VAT is always due when goods are imported into the EU, regardless of the value of the shipment. This way the EU ensures a 'level playing field' for all sellers within and outside the EU. You also pay customs clearance costs. These are costs charged by customs or the postal company for handling your customs clearance of imported products. In addition to the import VAT you pay, the customs clearance costs include the customs declaration of goods, storage costs, and administrative processing. Shipments with a value up to and including €150 remain exempt from import duties.

When you sell products from outside the EU to customers who do not file a VAT return, you declare the VAT in the EU country where the goods arrive. For example, when you deliver products from China via your online shop directly to consumers in Belgium. You must pay Belgian VAT on this delivery. You can do so in a simplified manner by using the import scheme (in Dutch) within the one-stop shop system.

Platform fiction

If you sell products to private individuals in EU countries via digital platforms, the so-called platform fiction (in Dutch) may apply. In platform fiction, platform owners pay the VAT on product deliveries from suppliers who trade through their platform. Platform fiction only applies if the seller supplies to the platform and the platform then delivers to a private individual. In this situation, the platform has a 'supporting role'. A supporting role is more than just bringing supply and demand together digitally. For example, supporting orders, payments and the delivery of products. Or when you, as a platform, have general terms and conditions for the delivery of goods.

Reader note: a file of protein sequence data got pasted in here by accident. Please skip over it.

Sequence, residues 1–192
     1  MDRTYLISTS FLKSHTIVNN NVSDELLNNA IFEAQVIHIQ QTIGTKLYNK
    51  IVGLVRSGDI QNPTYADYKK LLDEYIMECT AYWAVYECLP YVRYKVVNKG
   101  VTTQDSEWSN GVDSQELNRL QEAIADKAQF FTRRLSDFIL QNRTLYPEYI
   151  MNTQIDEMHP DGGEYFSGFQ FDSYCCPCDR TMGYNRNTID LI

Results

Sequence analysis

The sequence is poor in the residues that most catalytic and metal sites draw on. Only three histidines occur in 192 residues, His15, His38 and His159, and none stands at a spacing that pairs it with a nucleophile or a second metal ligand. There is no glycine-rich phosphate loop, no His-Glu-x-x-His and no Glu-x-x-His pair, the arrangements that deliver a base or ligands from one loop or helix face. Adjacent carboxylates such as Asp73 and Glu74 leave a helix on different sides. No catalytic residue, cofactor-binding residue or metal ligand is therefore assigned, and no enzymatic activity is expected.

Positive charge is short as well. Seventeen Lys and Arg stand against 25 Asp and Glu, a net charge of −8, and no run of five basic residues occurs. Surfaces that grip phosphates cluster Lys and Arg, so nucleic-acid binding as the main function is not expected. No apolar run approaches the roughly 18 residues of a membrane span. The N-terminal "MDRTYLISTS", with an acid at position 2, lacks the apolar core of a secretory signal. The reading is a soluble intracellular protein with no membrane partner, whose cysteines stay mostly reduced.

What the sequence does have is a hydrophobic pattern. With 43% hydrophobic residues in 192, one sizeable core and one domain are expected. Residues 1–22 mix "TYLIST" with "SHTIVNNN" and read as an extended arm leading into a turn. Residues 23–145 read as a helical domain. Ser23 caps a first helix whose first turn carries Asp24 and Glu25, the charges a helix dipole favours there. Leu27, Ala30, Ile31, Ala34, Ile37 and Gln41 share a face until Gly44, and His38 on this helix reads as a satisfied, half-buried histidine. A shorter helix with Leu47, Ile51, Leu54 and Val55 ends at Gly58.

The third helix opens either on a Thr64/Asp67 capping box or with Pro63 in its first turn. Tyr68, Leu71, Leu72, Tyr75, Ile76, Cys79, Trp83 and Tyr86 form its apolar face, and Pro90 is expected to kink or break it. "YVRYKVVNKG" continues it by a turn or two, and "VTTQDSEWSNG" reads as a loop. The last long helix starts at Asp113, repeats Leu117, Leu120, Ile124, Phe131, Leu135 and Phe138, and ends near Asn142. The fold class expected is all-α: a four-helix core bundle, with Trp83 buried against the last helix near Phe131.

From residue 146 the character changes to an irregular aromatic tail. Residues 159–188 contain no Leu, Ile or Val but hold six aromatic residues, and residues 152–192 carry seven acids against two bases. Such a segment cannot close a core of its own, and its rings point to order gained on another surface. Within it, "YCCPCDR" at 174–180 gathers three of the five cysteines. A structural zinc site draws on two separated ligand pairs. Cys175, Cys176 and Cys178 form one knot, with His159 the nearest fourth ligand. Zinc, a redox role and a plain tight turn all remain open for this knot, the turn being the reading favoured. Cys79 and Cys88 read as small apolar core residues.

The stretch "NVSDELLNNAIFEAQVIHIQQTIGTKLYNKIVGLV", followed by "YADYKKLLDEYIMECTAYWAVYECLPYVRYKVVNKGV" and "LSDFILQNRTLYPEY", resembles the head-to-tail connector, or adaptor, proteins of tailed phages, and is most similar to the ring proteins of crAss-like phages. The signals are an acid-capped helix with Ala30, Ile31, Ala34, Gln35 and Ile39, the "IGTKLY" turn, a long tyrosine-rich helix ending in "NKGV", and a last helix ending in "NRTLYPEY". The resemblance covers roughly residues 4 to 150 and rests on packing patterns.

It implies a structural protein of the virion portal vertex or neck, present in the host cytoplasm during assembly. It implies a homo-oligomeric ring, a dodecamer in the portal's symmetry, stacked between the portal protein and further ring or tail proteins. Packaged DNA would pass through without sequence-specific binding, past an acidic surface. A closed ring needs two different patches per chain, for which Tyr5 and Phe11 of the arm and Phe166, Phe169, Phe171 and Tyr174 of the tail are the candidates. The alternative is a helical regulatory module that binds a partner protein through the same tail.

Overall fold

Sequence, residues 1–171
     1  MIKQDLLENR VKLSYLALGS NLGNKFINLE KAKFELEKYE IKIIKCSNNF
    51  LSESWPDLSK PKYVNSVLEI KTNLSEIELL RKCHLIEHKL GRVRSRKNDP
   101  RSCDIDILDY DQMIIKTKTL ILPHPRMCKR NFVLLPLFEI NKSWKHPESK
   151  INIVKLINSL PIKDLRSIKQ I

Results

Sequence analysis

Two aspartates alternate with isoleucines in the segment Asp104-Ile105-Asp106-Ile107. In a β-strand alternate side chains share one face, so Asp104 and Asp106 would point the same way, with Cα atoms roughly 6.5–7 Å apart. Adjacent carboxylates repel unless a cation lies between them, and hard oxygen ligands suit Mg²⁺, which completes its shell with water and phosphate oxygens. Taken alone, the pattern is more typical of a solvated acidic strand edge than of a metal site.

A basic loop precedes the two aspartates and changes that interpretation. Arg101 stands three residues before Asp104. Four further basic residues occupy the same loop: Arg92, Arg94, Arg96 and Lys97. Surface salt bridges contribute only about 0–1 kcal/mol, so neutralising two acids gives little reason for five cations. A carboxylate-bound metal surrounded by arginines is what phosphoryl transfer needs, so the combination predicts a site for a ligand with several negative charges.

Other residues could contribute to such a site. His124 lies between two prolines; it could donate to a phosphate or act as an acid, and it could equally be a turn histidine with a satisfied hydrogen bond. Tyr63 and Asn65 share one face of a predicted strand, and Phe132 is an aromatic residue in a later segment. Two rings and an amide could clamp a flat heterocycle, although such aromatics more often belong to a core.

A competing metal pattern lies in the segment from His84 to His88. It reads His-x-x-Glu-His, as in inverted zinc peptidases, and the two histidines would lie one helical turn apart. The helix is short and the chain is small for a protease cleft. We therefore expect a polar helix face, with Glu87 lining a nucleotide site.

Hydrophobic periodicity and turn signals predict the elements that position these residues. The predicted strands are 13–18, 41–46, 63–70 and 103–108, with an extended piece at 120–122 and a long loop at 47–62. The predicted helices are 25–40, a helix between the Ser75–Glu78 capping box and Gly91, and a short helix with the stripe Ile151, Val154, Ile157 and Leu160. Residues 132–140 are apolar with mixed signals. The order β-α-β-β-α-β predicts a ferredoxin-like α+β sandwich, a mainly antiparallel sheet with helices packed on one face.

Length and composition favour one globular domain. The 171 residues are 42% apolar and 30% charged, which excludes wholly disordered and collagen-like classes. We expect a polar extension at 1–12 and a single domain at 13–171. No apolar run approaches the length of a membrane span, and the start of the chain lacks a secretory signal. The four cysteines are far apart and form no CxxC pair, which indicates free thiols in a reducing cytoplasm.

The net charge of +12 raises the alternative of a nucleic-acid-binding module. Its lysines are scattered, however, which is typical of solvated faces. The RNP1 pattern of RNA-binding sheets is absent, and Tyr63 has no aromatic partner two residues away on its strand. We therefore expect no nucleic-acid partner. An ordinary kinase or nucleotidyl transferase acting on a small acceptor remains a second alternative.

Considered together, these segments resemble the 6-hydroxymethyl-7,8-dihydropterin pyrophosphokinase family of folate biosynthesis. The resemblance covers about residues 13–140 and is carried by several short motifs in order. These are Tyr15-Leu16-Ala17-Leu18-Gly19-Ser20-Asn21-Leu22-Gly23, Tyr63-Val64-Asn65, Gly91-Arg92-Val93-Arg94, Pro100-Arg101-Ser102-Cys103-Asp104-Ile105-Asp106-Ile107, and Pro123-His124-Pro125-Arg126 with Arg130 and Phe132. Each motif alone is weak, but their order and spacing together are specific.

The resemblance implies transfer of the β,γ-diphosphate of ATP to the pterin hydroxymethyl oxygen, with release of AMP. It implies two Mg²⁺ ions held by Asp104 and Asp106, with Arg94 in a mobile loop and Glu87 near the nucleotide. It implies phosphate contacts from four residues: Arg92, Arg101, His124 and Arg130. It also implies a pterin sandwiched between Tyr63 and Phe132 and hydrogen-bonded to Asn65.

One-Stop Shop (OSS)

You can sign up your business for the one-stop shop system, or OSS, from the Tax administration. This system consists of 3 voluntary schemes:

  1. The Union scheme for EU-based companies with at least one establishment in an EU country. This applies to intra-EU distance sales and services.
  2. The non-Union scheme for companies established outside the EU without an establishment in the EU. This applies to providing services.
  3. The Import scheme for distance sales of non-EU goods with a value of up to €150.

This scheme is for companies that sell products from outside the EU to consumers in another EU country and have them delivered directly. In that case, you do not pay import VAT. Your customers pay the VAT when they buy the product in your online store. To use this import scheme you need an import regulation number (IOSS number, in Dutch) from the Dutch Tax and Customs Administration.